Italy does not have a specfic cycling map series, however the Kompass 1:50,000 hiking maps offer excellent detail of the backroads. The Cycling Italy guide gives a good overview and has good details for the most popular rides. The Tuscany guide below is excellent for those wanting to tour the Tuscany region.
Cycling Italy. Lonely Planet, 2009. With its gregarious locals, sumptuous cuisine and great cycling tradition, Italy is a two-wheeler's paradise. Glide past the cliffs of Cinque Terre and the bright waters of Sardinia or weave your way through the thrilling hubbub of Rome. Best of all? The day's riding will work off that blow-out dinner - so indulge! Includes 38 rides from easy to challenging, and a food and wine itinerary!
Softcover, 372 pages, 32 maps. Unfortunately Italy does not have a cycling map series. We do offer the Michelin road maps of Italy (or scroll further down to the same maps) which are suitably detailed for use as cycling maps.
Bikeline Cycle Guides offer detailed maps of cycling routes for many places in Europe. The guides to the long-distance cycle routes include maps overprinted with the route and its possible variants. The maps also highlight places of interest and accommodation facilities. Most of the guides also include a separate section listing selected accommodation, from hotels to campsites, youth hostels and rooms in private houses, all with addresses, telephone numbers and price range. Information on towns along each route includes a list of places of interest, with opening hours, etc.
Several of the guides also have street plans. The cycling atlases have maps with day tours in the region. The guides are typically in German only, although a few are in English (such as the Danube and San Francisco guides listed elsewhere).
Sardinia Cycle Guide. 1:200,000. Bikeline. This guide describes, and maps, 5 main routes ranging in length from 352 to 476 kilometers. The island of Sardinia is located in the western Mediterranean, surrounded by the Sardinian and Tyrrhenian Sea. It is larger than Corsica and the second largest island after Sicily. Sardinian is spoken here, a separate Romance language and Italian.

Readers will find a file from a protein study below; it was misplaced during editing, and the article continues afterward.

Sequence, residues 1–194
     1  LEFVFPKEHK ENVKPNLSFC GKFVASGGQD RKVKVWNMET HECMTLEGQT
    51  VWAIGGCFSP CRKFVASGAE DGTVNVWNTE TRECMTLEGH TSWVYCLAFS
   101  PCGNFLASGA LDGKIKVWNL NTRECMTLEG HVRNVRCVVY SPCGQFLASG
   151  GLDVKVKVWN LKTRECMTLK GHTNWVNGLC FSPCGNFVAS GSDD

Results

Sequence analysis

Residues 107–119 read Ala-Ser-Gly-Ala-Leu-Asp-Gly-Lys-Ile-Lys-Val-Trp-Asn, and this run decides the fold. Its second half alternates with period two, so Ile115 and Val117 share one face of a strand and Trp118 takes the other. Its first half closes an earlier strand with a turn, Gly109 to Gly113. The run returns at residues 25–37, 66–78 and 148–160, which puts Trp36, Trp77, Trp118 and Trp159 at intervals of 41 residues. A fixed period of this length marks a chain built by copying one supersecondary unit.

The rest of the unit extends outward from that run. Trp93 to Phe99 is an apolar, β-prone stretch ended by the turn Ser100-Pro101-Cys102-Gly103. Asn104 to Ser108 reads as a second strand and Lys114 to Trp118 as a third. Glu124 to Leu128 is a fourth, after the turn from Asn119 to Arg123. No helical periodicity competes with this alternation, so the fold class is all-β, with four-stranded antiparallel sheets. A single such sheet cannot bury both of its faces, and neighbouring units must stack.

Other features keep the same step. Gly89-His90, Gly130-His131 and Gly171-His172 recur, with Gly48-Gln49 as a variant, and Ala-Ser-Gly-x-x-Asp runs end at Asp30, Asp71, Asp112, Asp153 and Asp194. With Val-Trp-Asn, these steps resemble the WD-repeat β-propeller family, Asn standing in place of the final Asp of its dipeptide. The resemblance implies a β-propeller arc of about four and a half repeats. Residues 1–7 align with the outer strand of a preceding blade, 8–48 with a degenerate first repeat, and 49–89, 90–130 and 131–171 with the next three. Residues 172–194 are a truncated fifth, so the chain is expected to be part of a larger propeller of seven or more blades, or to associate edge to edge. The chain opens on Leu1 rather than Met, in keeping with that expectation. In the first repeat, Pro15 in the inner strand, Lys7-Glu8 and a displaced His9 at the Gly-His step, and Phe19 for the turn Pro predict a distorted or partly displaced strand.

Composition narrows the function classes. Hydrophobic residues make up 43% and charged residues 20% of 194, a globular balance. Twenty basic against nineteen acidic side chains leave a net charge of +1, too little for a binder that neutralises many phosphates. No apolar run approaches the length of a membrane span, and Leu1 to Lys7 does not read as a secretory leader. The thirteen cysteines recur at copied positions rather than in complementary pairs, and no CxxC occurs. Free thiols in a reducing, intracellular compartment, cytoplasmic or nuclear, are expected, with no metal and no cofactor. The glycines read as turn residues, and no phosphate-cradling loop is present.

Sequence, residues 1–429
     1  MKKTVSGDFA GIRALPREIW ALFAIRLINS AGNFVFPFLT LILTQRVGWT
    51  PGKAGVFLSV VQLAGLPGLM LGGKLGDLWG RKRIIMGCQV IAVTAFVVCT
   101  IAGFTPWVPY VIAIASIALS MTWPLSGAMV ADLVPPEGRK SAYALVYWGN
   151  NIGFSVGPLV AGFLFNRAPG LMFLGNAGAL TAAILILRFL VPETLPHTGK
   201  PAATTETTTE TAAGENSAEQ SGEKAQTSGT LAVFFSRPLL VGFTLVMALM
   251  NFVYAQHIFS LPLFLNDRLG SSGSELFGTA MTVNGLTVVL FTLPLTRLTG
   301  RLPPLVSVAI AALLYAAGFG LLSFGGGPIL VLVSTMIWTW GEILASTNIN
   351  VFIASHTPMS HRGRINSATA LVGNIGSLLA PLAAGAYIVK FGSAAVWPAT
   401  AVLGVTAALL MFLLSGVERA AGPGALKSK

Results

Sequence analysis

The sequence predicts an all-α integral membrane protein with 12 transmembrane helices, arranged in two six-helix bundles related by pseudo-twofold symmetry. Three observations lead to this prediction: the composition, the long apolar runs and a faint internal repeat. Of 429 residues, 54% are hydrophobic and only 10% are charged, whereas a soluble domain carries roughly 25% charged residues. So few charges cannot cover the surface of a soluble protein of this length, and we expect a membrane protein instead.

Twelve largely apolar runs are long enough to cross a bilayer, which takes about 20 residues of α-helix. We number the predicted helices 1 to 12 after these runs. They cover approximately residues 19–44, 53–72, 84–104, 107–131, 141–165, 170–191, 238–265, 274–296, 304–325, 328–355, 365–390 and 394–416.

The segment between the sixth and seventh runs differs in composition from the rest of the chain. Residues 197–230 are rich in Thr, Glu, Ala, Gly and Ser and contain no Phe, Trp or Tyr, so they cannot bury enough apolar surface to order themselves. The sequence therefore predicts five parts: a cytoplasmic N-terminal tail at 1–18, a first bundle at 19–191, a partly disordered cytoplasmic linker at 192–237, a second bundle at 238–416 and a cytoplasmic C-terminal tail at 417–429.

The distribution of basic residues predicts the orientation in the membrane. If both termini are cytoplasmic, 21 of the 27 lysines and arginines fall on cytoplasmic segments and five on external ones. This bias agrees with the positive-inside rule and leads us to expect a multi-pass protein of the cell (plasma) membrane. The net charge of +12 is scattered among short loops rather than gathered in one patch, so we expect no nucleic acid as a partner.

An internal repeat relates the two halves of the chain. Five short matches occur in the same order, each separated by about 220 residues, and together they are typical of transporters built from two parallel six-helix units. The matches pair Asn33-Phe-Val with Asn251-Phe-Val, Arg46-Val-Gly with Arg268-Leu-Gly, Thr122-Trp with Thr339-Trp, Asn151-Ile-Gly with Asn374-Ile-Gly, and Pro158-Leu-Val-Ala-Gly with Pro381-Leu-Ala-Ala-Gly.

Sardinia is the ideal setting for an active holiday: beautiful, breathtaking scenery, well-maintained asphalt roads, especially on the beaches, interesting cultural sites, places of interest and cities, good food, sweet wine and freedom-loving, strong man. That is why the island is also very interesting for cyclists. This Radatlas describes in simple, clear form of a road book five travel routes, divided into 24 stages, with an average length of 100 kilometers are. The milestones have been carefully selected for its infrastructure offering, offering a host of accommodations, restaurants, shops and interesting sights. The five routes converge at the nodes, thus enabling the cyclist to put together a customized tour, since the stages of several interconnected routes and therefore combined.
The routes were recorded with GPS. 140 pages, in German.
Index showing the routes in the Sardinia cycling guide. A bit fuzzy, but you can see the extensive coverage for Sardinia.
Veneto Cycle Atlas. Bikeline. This booklet covers 3 main routes. The first is from Peschiera del Garda to Mestre, via Vicenza & Padova (189km). A circuit departs from this route at Abano Terme into the Colli Euganei region (114km). The next route is from Venice going south to the Delta del Po via the Litorale di Lido (162km).
The third route runs in the opposite direction - north east from Venice along the coast via Litorale de Cavallino to Latisana & Lignano (143km). Accomodation suggestions included. 119 pages. In German.
Via Claudia Augusta Cycle Way. 1:75,000. Bikeline. A 741-km route from Donauworth on the Danube in Germany, across Austria to Venice, via Augsburg, Fussen, Nauders, Bolzano and Trento. At Trento a branch of the route extends via Verona to Ostiglia on the River Po. Accommodation suggestions are included. 180 pages. In German.
Thumbnail of a map page from the guide. Index showing the routes in the guide.